Up to this point, no major or big money has entered the silver market or stood for delivery in a significant way outside of outspoken Toronto-based silver ETF manager Eric Sprott.
Yet it is rather hard to imagine why they would not be joining Sprott, with QEs stretching to infinity, fiscal cliffs, debt ceilings, European financial crises, and now Germany no longer trusting its precious metal "custodians" as it repatriates its gold.
Add these factors to the still extreme risk of bank asset deterioration from public debt servicing constraints, the excessive concentration of deposits held in the too-big-to-fail financial institutions, and the risk of systemic contagion resulting from just one derivative-generated event, and the market has plenty of reasons to be bullish on silver.
Why are big funds not buying silver?
Presumably, many of the big investors have avoided entering the silver market because they either do not know about or understand these factors, or if they do, they do not want to be the ones blamed for pushing the tottery financial markets over the edge.
Furthermore, given the relatively small amount of above-ground investment grade supply of silver, it would be difficult to accumulate a large position without setting the market on fire.
Alternatively, they may fear delivery issues, especially given the tightness of demand. They may also be concerned that industrial users will be given preferential treatment in a physical squeeze.
Other concerns may include the fear of volatility and degree of irrational pricing behavior in the silver market that makes technical analysis particularly challenging.
Silver delivery in a fractional reserve system
In a two-year old YouTube video that recently resurfaced, Kyle Bass compares the value of total gold futures and options open interest with the value of the actual physical gold inventory.
Bass questions what would happen if just 4% of longs actually stood for delivery. The exchange spokesperson assured him that this never happens, since only 1% of buyers sometimes stand for delivery, and even if they did, the price would sort everything out.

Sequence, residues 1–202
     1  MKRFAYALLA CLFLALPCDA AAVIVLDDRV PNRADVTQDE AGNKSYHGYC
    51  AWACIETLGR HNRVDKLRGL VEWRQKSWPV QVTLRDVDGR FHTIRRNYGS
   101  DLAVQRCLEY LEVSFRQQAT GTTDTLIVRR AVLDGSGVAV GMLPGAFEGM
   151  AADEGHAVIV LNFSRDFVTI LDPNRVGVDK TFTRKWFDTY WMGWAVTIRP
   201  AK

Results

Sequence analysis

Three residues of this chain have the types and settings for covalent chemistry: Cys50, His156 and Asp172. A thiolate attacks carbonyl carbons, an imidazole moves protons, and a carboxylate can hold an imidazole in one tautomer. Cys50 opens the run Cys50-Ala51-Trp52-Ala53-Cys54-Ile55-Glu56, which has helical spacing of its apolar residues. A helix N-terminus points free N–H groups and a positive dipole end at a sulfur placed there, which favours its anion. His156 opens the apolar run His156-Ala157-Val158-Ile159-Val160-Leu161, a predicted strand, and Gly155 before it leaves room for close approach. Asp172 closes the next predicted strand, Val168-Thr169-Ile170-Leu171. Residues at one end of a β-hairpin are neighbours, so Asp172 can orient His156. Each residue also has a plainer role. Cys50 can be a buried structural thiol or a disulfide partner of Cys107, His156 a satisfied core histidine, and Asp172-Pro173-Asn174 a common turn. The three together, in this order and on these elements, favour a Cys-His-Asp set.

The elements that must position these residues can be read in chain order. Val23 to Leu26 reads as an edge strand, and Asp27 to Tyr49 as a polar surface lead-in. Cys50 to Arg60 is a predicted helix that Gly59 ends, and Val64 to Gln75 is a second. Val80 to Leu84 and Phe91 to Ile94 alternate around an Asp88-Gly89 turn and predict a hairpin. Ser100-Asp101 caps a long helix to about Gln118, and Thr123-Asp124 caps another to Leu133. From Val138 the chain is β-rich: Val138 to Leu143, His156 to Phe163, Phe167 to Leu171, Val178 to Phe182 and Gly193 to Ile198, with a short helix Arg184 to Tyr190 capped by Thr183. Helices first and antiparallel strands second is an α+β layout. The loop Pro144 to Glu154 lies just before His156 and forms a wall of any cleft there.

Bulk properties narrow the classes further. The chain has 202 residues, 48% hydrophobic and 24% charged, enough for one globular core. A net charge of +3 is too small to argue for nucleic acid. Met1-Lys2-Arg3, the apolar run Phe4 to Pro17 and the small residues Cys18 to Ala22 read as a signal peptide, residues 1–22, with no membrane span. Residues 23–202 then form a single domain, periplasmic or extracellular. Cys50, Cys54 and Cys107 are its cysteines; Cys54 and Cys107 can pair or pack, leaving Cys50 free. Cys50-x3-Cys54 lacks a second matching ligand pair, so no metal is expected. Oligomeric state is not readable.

When it comes to the value of silver options outstanding based on CME data, not considering concentration, the open interest numbers runs in the hundreds of thousands of contracts at times that collectively represent more than 1 billion ounces of silver or more than $30 billion dollars at current price levels. Combine this with the 700 million outstanding futures contracts worth roughly $20 billion, and this yields a total of $50 billion worth of silver CME derivatives.
Compare this with the total Comex silver inventories that are only approximately 150 million ounces, or $4.5 billion. The ratio of 11:1 demonstrates the fractional reserve silver system.
While concentration and net short exposure matters most, these numbers are staggering and do not include over-the-counter or London-traded silver derivatives. All of this lends further support to the fractional reserve status of silver futures.
Should silver investors trust the paper system?
Because of the high ratio of paper to physical, many silver investors have questioned whether they should trust the paper that this fractional reserve silver system is based on.
Additional causes for concern include: The state of regulatory capture, the precedent set by the handling of client assets in the MF Global bankruptcy, the open acceptance of re-hypothecated claims, the rarity of physical delivery, and the frantic months-long in and out deposits and withdrawals of warehouse silver.
Given all of these factors, it would seem difficult at best to trust the paper market when so little silver is actually left 'inside the system,' nor should you even expect cash in return in the case of default.
Basically, in a world where quadrillions of derivatives trade unregulated in the shadows — many of which do not even have a physical asset on which they are based — an ounce of silver in your hand is really worth many ounces of silver paper due to the non-zero risk of an eventual paper market default.